Mulch applied too thickly around the base of a tree will eventually kill the tree.  The roots of all plants, including large trees, require oxygen, moisture and nutrients.  If mulch is applied too thickly, these required items cannot reach the roots, causing starvation and death of the plant. This theory also applies to ornamental rocks and anything else piled around trees to minimize the growth of weeds and grass.  These pictures show mulch piled much too thickly around the base of a mature tree(incorrect), and removed from the base and spread out (correct):

Mulch will keep weed levels down, but it will not eliminate weeds altogether as many people are led to believe.  Weed seeds blow in the wind and will settle in the mulch and germinate there too.  The difference is, when you pull out a weed growing in mulch, it comes out much easier and more completely, with the root intact.  If you do not remove the entire root of a weed it simply grows back, often very quickly.

Mulch applied in a thin layer (one inch thick is plenty) around a tree can be beneficial to keep weeds and grass roots from competing with the tree roots for oxygen, moisture and nutrients. Just remember, more is definitely NOT better!

Nothing, including grass, should be planted around a new tree for the first five years, allowing the tree roots to get established. After that, shallow rooted perennials or annuals work best as they do not force the tree roots to compete for required elements.  A few examples of shallow rooted perennials are geraniums, sweet woodruffe and lamium.  My personal favourite is the perennial geranium (very different than the red annual geraniums that I am not so fond of) because it tolerates almost full shade to almost full sun, and is the first plant to green up in the spring.  Perennial geranium flowers can be white, pink, blue, purple and many shades in between, but are almost inconspicuous in many of the varieties; the foliage is the main attraction to me:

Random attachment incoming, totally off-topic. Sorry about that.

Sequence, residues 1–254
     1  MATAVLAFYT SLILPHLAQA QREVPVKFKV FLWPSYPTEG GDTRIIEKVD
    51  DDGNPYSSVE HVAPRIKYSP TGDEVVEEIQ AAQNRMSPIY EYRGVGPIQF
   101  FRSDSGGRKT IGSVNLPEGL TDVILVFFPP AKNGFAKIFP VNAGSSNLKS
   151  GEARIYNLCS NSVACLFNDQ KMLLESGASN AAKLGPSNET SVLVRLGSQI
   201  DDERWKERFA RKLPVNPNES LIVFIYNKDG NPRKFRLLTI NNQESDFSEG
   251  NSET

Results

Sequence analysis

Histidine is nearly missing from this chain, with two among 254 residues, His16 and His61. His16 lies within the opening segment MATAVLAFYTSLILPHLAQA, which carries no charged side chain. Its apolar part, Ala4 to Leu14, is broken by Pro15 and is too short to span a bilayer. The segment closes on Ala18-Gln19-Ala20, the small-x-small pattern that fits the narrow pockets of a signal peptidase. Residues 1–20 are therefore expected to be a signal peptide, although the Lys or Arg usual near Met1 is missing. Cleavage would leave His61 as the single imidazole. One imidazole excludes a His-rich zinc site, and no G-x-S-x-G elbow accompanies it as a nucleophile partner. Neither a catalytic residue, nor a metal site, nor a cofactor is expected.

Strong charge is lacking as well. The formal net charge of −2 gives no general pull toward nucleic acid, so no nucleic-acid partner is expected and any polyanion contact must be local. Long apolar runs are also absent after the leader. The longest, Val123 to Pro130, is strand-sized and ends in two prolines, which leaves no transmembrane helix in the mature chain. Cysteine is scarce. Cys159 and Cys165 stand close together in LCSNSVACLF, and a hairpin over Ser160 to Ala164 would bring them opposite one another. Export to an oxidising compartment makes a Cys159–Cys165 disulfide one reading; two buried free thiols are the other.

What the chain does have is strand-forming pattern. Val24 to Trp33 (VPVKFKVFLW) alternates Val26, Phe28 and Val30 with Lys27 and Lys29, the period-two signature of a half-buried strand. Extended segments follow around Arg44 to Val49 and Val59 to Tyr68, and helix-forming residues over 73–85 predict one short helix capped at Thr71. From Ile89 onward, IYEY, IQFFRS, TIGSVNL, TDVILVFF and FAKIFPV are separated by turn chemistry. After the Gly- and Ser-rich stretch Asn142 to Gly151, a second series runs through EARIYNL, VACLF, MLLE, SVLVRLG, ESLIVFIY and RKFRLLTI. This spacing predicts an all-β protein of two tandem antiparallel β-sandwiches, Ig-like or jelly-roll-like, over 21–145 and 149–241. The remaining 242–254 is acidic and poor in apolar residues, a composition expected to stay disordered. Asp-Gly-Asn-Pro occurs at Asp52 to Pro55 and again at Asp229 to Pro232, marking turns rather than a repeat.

If you do decide to mulch your garden or use mulch under your trees, please use caution and apply it correctly so you do not do more damage than good…

Lily Trees for Your Garden

These spectacular beauties are lily trees.  The last two pictures are from my own garden one year after planting a single bulb next to my front lamp post.

These lily trees look beautiful at the back of garden borders where their foliage lasts all season providing a lush green backdrop for other perennials.  I have had problems with japanese beetles devouring other lilies I have planted previous years, but for some reason the beetles do not bother these lily trees.  Their stems are very sturdy, reaching up to 4 feet the first year and 8 feet in three years.  New stems form from a single bulb, with at least 4 massive, gorgeous flowers the first season, and up to 30 in three years. They come in many solid colors, including white, yellow, purple, pink as well as many combinations of those colors.

I have ordered thirty of these lily tree bulbs that are to be shipped from Holland shortly.  Including shipping charges and taxes, they are $8 per bulb.  Please let me know if you would like one or more for your gardens.  They should be arriving soon, to be planted this fall…